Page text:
In many religious traditions, it is considered blasphemous to depict God visually. Whenever God is featured in a work of fiction, either His face is obscured or it's made explicit that His/Her chosen appearance is simply A Form You Are Comfortable With (the latter fulfills this trope conceptually if not directly). In Sunni Islam, it's also prohibited to depict the face of Mohammed, so in Islamic art he's frequently drawn as a figure with a face of pure light or something else of the sort. There are many old pieces of art that include the picture of Mohammed as well, but they have been defaced by later generations, and usually replaced his head with flames with similar symbolic meaning as the Christian halos.
In Christianity, it's not so much that it's blasphemous per se (otherwise,the Pope would have put the kibosh on Michaelangelo's renovation of the Sistene Chapel, especially the famed "Birth of Man that forms the centerpiece of the ceiling) to make representations of God, as much as it's well-nigh impossible to do it right — many artists throw up their hands in trying to put human limitations on a limitless being by trying to depict Him. That's why you either get the kindly man with a beard or... no depiction at all.
A National Geographic photo-essay about the White House staff had the president only shown from behind, with his face covered, or just out of frame. Not for secrecy, but because the focus of the article was his staff rather than him.
This is a pretty common practice whenever the president is featured in a tv show or movie, when they don't want to use a fictional president, but don't want to date themselves by portraying the one currently in office.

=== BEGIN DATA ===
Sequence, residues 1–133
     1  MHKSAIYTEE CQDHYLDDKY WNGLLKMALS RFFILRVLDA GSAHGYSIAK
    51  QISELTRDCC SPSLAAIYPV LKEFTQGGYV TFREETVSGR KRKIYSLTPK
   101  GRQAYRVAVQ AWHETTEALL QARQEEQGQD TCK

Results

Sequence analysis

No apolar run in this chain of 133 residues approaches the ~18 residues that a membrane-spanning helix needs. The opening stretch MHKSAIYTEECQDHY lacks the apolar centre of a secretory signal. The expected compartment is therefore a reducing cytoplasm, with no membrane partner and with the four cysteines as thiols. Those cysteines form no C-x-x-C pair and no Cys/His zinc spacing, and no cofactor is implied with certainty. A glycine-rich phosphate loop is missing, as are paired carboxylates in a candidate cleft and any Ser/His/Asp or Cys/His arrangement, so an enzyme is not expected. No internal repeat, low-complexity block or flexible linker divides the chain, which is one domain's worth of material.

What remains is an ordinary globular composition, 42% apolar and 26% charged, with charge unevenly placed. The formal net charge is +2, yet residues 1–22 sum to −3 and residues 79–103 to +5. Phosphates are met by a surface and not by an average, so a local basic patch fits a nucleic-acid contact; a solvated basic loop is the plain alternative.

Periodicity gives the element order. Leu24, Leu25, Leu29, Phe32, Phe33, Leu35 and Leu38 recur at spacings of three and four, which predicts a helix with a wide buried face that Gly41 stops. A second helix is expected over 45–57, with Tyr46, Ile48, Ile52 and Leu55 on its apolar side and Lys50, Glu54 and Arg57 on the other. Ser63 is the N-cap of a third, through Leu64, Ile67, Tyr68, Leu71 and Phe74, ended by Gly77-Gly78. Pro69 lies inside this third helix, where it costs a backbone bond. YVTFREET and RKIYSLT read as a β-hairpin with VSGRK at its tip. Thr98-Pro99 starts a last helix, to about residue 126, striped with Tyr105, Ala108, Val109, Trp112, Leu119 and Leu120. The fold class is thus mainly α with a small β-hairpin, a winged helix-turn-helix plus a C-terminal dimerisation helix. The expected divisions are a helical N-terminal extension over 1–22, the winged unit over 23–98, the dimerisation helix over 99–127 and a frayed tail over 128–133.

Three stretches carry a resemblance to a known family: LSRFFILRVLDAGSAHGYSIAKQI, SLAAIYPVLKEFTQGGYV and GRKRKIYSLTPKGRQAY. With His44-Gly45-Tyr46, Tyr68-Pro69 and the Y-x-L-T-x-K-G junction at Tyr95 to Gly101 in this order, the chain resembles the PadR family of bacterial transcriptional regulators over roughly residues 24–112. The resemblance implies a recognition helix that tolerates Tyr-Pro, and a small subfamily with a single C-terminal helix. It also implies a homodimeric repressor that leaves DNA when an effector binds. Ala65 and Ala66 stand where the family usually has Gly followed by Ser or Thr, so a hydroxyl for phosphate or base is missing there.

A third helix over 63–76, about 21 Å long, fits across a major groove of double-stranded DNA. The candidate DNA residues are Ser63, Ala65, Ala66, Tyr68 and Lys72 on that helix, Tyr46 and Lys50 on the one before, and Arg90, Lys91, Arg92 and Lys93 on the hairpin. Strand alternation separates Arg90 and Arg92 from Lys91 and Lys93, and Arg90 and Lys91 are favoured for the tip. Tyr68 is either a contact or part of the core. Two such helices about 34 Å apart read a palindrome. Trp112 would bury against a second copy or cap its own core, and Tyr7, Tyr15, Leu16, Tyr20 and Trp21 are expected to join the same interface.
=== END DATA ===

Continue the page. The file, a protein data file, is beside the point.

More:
The Unknown Comic, who made a running gag out of performing with a paper bag over his head.
While American Professional Wrestling has portrayed masks as being Serious Business, Mexican lucha libre takes it very seriously. Once a luchador has donned a mask, he will never reveal his face in public again until he's beaten in a match where he put up his mask against that of another masked wreslter or an unmasked wrestler's hair as a bet to end a fued. If the Mask loses he takes off the mask and can never use it ever again, and if the Hair loses, he has to shave his head.
Ever heard of The Man in the Iron Mask? In real life the mask was made of silk, and the man was most likely a spy whose identity could have caused an international incident — not Louis XVI's identical twin as per the book and the movie.
During Saddam Hussein's trial, the presiding judge was always shown from behind.
Undercover police always wear masks on television to avoid being identified by criminals during operations.
This is standard depiction of Master P., also known as Anonymus, an unknown Hungarian writer from the 13th century.
In Britain (and maybe in other countries) during the era of steam railways, the ticket booths at railway stations commonly shielded the booking clerk from view of the public, for some reason - perhaps for privacy. This meant that the most you ever saw of the person who sold you your ticket was a disembodied hand in the hatch, and maybe they'd speak if you were really lucky.
In Brazil, the Silvio Santos Show had an announcer named Lombardi that was never seen by anyone. In fact, before the internet, no one even knew what he looked like. Even after his death, 90% of the audience of the program (that took almost all of Sunday's afternoons and evenings slots in that network) still doesn't know his face.
Also in Brazil, back in 2002, it was found out that a babysitter was abusing the children she was supposed to take care of. Enraged, the people of Aparecida de Goi‚nia lynched her. One such person, recorded on video, divekicked her in such a way that his legs made a perfect rhombus shape. He became a Memetic Badass known as Lindomar, the Brazilian Sub-Zero, but because he's seen from the back, the video quality was bad and his face appears for only a splitsecond, no one knows what he really looks like.
The dance crew Jabbawockeez wear white masks and white gloves in an attempt to invoke this, to avoid any one dancer from standing out over the crew as a whole during a performance.